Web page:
Fools were out and about this week in an investing world jampacked with actions and ideas. Here are three articles you might find useful as you decide how to invest your money.

Bank Dividends Are Coming: Here's What You Need to Know
Big banks JPMorgan Chase
, Bank of America (NYSE: BAC), Citigroup (NYSE: C), and Wells Fargo (NYSE: WFC) have all said they plan to start paying dividends to shareholders. Is it time to buy shares and rejoice?

Fool contributor Morgan Housel took the 30% payout ratio the banks are bandying about, mixed in estimated earnings per share, and came out with yields for the four banks ranging from 2.68% to 3.14%. "Not as much as banks typically yielded before the financial crisis, but still above the average S&P 500 company's yield," Morgan wrote.

Even though the banks appear financially strong enough to handle this shareholder payment, Morgan remains leery about owning their common stock. "There's still just too much insanity and funny business left over from the bubble years," he wrote.

If you'd like to keep track of all the Foolish news and numbers on these bank stocks, simply click the following links to add them to your free, personalized watchlist: JPMorgan Chase, Bank of America, Citigroup, and Wells Fargo.

Prepare Your Brackets for March Badness
"Rotten corporate behavior often proves profitable in the short run, but in the long term, consumer payback can wreak havoc on misbehaving companies -- and their competitors will stand poised to pounce at the first sign of weakness," wrote Fool columnist Alyce Lomax after considering The Consumerist's 2011 lineup of choices for the "worst company in America."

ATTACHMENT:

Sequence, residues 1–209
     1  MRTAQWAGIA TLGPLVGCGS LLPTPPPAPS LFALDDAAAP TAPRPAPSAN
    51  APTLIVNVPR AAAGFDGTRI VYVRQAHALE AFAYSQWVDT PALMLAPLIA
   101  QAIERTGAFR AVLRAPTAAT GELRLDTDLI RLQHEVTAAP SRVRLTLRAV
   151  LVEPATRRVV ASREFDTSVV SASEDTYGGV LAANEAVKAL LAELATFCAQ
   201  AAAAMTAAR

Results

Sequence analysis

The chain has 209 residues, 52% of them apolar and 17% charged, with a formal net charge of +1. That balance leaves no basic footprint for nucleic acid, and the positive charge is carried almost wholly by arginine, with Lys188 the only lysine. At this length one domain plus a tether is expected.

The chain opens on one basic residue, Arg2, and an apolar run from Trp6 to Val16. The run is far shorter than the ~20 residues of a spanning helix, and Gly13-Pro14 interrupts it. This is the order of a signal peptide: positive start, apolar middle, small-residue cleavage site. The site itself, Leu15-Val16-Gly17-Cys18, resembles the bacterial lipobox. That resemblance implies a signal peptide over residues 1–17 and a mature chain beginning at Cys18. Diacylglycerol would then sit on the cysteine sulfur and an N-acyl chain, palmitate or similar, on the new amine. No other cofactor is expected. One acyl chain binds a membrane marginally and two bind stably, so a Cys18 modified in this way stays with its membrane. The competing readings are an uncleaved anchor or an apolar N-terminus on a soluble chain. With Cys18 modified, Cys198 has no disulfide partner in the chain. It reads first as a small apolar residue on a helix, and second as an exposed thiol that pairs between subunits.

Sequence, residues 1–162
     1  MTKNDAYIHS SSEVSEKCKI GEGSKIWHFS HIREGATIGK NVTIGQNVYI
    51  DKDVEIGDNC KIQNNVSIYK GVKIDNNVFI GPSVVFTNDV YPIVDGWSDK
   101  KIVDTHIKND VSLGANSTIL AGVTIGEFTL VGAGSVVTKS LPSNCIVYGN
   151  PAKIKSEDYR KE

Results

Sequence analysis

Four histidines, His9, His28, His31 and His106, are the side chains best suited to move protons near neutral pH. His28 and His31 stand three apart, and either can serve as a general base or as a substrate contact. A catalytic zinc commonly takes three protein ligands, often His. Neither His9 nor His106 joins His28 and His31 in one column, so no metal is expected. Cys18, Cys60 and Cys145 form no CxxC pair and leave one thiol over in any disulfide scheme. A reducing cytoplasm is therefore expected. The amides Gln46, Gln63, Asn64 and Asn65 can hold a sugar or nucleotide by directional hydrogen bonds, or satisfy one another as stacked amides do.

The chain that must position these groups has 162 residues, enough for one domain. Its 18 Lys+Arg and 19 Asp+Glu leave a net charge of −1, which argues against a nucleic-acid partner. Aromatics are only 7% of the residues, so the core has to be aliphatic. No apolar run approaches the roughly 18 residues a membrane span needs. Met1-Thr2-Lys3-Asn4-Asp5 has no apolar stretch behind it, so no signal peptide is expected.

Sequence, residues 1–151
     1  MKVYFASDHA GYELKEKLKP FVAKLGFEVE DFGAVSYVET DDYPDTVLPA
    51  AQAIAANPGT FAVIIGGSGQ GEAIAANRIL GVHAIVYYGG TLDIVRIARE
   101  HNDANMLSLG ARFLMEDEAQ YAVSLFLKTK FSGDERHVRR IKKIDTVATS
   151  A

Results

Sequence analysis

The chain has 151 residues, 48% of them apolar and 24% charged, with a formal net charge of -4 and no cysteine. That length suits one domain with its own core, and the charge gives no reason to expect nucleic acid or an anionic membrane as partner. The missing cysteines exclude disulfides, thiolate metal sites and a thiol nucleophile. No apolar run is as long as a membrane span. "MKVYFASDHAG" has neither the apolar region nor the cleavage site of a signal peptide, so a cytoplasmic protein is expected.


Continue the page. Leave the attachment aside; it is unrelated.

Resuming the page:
Check out the article to see what companies, including Johnson & Johnson (NYSE: JNJ), Apple, eBay (Nasdaq: EBAY), Verizon (NYSE: VZ), AT&T, and Comcast, have to do with this contest. Then scroll down to the comments section on that page to sound off about your choices for worst company.

4 ETF Trends You Must Know About
Many investors use exchange-traded funds to easily bring a wide range of stocks into their portfolios. A recent report from Schwab outlined four trends in ETFs that Fool editor and writer Dan Caplinger thought Fools needed to know about.

In brief, ETF investors preferred funds with low expense ratios and remained partial to ETFs investing in commodities and emerging-market economies. They had an on-again/off-again relationship with bond ETFs and had a focus on dividend income.

Here's something else interesting about how ETF investors think: "[S]pecialty ETFs including SPDR Gold Trust (NYSE: GLD) and Vanguard MSCI Emerging Markets, which offer targeted exposure to narrower segments of the market, bring investors in the door -- and then they diversify beyond those niche offerings after they get comfortable with the ETF concept," Dan wrote.

Read the article to get Dan's thoughts on what this information means for investors of all stripes.

See a stock in this story you'd like to follow? Add it to your free, personalized My Watchlist, which will find all of our Foolish news and numbers on the stock.

Fool online editor Kris Eddy owns no shares of any stocks mentioned in this article.

Apple, eBay, and Charles Schwab are Motley Fool Stock Advisor recommendations. Johnson & Johnson is a Motley Fool Inside Value and Motley Fool Income Investor choice. Motley Fool Options has recommended a bull call spread position on Apple and a diagonal call position on Johnson & Johnson. The Fool has written puts on Apple and owns shares of Apple, Bank of America, JPMorgan Chase, Johnson & Johnson, Vanguard MSCI Emerging Markets ETF, and Wells Fargo. Through a separate account in its "Rising Star" portfolios, the Fool also has a short position on Bank of America. Motley Fool Alpha LLC owns shares of Johnson & Johnson. Try any of our Foolish newsletter services free for 30 days. We Fools don't all hold the same opinions, but we all believe that considering a diverse range of insights makes us better investors. The Motley Fool has a disclosure policy.